This court declined to review certain issues raised on a civil appeal, where the parties failed to present an adequate record appendix and did not comply with the provisions of Mass. R. A. P. 18 (a) or 18 (f). [810-812]
Prejudgment interest at the rate of twelve per cent per annum was properly included, pursuant to G. L. c. 231, Section 6B, in the judgment on a jury verdict allowing recovery on a claim of common law fraud. [812-813]
Section 9 of G. L. c. 93A, the Consumer Protection Act, as in effect prior to its amendment by St. 1979, c. 406, Section 1, provided no relief to a non-business plaintiff whose claims were based on two loan agreements and a mortgage of a parcel of commercial real estate. [814-815]
CIVIL ACTION commenced in the Superior Court Department on January 17, 1979.
The case was tried before Suzanne V. DelVecchio, J.
After review by the Appeals Court, the Supreme Judicial Court granted leave to obtain appellate review.
Michael C. Gilleran for the plaintiff.
Edward J. Collins for the defendant.
LIACOS, C.J. On April 19, 1979, Domenic T. Zagami brought this counterclaim in the Superior Court against Shawmut Community Bank, N.A. (Shawmut), alleging fraud and violations of G. L. c. 93A. [Note 1] The fraud claim was
tried to a jury, and, in a judgment entered on September 2, 1986, Zagami was awarded damages in the amount of $225,000, as well as prejudgment and postjudgment interest. A subsequent bench trial on the c. 93A claim resulted in a September 1, 1988, judgment for Zagami under c. 93A, Section 9. The trial judge awarded no multiple damages under c. 93A, Section 9 (3), finding that Shawmut had not violated the statute wilfully or knowingly. However, she did order the bank to pay Zagami's attorney's fees and costs. See G. L. c. 93A, Section 9 (4).
Shawmut appealed from both judgments, and Zagami appealed from the c. 93A judgment. As a result of the parties' failure to file copies of the trial transcripts, see Mass. R. A. P. 18 (a), as amended, 409 Mass. 1602 (1991), and a record appendix meeting the requirements of Mass. R. A. P. 18 (d), as amended, 370 Mass. 919 (1976), the Appeals Court refused to consider all but two of the issues raised in the briefs. 30 Mass. App. Ct. 371 , 374 (1991). That court affirmed the award of prejudgment and postjudgment interest, and remanded the c. 93A claim for additional explanation of the ruling that the violation was not wilful or knowing. Having granted Shawmut's application for further appellate review, we order reversal of the judgment entered under G. L. c. 93A, and affirm the judgment under the common law count alleging fraud.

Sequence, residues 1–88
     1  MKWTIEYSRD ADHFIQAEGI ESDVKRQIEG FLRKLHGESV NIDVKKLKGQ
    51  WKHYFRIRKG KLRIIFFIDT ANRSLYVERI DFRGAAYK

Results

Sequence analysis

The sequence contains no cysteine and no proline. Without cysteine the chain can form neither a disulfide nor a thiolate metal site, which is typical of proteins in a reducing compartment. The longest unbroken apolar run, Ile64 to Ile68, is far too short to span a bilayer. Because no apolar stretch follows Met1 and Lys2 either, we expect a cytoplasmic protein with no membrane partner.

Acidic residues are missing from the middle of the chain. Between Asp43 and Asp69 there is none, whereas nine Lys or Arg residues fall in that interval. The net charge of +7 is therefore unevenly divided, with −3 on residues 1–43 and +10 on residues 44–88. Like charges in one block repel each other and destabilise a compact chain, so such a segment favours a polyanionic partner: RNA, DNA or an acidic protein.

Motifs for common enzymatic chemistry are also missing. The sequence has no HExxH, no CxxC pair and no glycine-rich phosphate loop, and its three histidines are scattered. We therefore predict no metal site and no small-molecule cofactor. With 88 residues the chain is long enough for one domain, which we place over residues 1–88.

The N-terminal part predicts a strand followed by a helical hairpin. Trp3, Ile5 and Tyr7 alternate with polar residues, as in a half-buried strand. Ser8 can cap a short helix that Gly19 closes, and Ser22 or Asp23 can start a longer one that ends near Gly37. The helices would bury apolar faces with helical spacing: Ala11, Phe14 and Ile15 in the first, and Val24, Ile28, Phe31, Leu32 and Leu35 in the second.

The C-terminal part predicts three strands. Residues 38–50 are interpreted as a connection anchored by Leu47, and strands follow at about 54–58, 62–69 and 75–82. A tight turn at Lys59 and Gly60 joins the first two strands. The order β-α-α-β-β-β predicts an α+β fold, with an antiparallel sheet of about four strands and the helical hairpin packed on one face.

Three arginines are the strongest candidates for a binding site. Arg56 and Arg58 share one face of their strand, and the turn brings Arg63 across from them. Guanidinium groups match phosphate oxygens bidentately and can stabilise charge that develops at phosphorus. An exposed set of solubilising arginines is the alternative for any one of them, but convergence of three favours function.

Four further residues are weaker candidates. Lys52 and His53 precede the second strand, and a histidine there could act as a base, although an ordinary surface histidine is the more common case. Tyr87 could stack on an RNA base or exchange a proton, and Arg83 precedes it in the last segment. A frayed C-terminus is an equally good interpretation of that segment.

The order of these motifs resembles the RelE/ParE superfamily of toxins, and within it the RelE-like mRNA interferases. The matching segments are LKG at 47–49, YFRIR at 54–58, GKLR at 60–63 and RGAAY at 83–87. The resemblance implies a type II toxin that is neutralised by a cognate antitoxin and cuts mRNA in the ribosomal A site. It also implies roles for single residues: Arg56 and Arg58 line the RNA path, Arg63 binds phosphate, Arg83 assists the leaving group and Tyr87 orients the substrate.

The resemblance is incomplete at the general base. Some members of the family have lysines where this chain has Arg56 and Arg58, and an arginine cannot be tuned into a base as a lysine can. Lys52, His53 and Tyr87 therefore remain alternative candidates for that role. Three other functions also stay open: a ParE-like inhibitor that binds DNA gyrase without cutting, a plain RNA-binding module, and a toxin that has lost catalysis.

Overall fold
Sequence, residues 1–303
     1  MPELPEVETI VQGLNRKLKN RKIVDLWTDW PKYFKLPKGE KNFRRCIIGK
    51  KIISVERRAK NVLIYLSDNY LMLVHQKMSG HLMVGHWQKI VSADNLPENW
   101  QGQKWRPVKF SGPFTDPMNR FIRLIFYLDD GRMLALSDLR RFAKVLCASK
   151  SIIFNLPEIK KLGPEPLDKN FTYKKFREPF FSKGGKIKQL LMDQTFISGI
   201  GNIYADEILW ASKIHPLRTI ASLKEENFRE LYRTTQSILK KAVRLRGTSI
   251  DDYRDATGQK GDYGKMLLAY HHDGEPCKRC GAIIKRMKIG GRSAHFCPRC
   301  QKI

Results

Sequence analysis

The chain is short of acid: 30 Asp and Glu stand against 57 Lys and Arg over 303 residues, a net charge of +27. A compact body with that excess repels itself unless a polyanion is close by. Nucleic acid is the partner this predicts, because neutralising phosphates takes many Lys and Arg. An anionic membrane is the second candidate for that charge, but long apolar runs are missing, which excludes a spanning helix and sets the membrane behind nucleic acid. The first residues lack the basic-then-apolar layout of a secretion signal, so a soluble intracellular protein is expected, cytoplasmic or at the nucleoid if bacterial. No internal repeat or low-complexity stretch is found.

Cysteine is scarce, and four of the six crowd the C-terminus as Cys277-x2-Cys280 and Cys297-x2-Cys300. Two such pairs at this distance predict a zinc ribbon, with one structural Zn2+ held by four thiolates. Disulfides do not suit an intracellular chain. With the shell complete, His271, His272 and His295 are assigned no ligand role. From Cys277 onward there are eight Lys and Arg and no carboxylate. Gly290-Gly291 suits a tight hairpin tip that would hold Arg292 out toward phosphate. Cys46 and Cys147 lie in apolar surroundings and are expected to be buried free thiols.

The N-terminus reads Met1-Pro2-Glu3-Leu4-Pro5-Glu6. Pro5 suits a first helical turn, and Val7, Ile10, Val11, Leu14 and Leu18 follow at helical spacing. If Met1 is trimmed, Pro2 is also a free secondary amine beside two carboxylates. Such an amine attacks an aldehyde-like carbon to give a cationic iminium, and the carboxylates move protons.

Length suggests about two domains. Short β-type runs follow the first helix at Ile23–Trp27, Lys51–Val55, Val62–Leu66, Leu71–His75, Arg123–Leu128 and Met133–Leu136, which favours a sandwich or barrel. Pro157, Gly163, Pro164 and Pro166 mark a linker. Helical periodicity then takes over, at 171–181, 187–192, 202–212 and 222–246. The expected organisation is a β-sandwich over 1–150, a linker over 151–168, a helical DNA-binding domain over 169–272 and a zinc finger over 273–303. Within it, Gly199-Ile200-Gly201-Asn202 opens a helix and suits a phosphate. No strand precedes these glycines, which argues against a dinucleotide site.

1. Facts. We briefly summarize the evidence put before the jury and the judge hearing the claim under c. 93A. The case involved a series of bank transactions beginning in 1973. At that time, Zagami, a plumber, owned a piece of commercial real estate in Waltham, where he operated his plumbing business and leased space to several business tenants. General Systems Development Corporation (G.S.D.) was one of his tenants, and William T. Quinn was the president of G.S.D.